SHABANGU RILES YOUTH

THE ANCYL has reacted angrily to Mining Minister Susan Shabangu's announcement that the country's mines will not be nationalised in her lifetime.

THE ANCYL has reacted angrily to Mining Minister Susan Shabangu's announcement that the country's mines will not be nationalised in her lifetime.

The league said Shabangu, left, must realise that the people who put her in that job can also make her nationalise the mines.

Earlier yesterday, Shabangu told a press conference in Cape Town: "In my lifetime there'll be no nationalisation. Maybe when I'm dead, and rest assured I'm not dying next week."

She implied that ANCYL leader Julius Malema's campaign to nationalise the mines was only hot air.

"Why should we stop young people when they want to engage in an intellectual debate? If Malema flexes his muscles and engages in an intellectual and academic exercise, why must we stop him?" Shabangu said.

But league spokesperson Nyiko Shivambu said: "Shabangu is defining herself outside the ANC, because the Freedom Charter says mineral wealth should be transferred to the ownership of the people as a whole.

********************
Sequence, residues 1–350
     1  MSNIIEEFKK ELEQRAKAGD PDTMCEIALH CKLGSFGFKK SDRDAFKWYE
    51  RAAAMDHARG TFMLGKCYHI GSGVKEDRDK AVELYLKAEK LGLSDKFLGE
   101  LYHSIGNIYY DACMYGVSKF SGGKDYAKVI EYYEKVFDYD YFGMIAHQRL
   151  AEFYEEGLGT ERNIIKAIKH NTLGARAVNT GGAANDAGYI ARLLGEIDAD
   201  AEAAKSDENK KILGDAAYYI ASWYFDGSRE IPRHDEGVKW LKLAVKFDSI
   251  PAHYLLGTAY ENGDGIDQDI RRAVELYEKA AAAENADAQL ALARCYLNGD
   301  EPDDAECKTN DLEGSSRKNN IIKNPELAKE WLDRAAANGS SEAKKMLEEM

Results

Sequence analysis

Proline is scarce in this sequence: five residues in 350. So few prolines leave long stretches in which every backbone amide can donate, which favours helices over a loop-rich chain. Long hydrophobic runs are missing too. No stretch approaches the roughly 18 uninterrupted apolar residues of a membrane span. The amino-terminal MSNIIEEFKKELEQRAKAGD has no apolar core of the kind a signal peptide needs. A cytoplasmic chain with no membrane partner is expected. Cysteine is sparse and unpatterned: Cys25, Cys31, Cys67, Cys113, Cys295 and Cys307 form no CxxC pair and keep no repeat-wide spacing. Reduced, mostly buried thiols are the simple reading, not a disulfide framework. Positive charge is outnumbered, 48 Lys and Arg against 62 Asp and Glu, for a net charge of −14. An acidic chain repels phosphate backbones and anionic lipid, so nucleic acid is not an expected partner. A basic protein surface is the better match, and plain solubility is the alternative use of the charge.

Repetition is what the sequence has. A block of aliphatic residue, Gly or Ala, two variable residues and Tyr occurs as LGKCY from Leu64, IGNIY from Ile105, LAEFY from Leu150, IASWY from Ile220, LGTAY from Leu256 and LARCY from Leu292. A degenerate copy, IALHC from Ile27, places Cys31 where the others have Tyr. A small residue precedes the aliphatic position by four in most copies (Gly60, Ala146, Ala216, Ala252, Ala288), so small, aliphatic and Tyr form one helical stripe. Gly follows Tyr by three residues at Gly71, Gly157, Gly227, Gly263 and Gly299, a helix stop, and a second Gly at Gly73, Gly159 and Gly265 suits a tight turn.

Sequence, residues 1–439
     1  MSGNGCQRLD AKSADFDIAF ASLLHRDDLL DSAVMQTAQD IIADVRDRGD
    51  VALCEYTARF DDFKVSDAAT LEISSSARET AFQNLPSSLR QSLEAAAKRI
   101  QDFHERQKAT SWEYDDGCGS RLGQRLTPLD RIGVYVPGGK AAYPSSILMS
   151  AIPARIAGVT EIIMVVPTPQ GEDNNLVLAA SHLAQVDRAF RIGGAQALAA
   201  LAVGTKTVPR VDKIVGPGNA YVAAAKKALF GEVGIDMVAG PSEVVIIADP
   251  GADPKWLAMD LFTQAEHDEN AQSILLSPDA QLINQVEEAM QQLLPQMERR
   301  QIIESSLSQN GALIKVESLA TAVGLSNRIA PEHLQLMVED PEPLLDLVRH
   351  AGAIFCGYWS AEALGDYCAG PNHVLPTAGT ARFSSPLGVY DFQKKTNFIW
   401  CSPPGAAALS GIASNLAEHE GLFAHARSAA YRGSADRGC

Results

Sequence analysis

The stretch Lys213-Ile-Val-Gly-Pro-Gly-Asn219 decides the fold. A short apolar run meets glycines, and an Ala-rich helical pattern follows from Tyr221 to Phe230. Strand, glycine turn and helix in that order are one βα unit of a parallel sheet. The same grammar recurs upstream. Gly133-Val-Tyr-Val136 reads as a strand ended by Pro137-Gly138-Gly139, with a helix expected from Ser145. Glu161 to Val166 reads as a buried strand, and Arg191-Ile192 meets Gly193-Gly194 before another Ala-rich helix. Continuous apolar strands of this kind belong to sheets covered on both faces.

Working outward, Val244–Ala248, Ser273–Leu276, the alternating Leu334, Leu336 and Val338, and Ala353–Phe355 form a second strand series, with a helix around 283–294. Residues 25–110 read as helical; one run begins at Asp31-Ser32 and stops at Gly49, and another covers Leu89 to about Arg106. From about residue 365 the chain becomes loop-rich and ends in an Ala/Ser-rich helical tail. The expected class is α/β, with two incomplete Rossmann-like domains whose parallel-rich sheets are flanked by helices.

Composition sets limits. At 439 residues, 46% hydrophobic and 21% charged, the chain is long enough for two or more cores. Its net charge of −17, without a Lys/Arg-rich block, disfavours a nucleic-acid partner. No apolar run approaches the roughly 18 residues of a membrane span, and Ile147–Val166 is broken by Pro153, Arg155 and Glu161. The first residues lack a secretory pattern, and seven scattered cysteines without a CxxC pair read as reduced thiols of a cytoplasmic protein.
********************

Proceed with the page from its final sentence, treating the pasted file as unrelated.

"She is also not honest in her attempt to please imperialists. In our previous engagement with her, she said she supports the position of the ANCYL. She will soon realise that the power that made her minister will be the same power which will guide her towards the nationalisation of mines."

Cosatu general secretary Zwelinzima Vavi also dismissed Shabangu's statement.

"It is a statement clearly meant to appease the markets - we will ignore that and continue the debate," he told Sowetan.

Malema has repeatedly called for the nationalisation of mines, starting with gold and platinum. Last October he gave ANC leaders an ultimatum to either support nationalisation or forget about leading the party in 2012.

Shabangu said state participation in the mining sector was not new. The government owned diamond mining firm Alexkor, and had a stake in Anglo American.

She said that if the state wanted to own the mines it would have to be able to "compete like any other business".

"Nationalisation is about everything, and that's not the route we're taking," Shabangu said.

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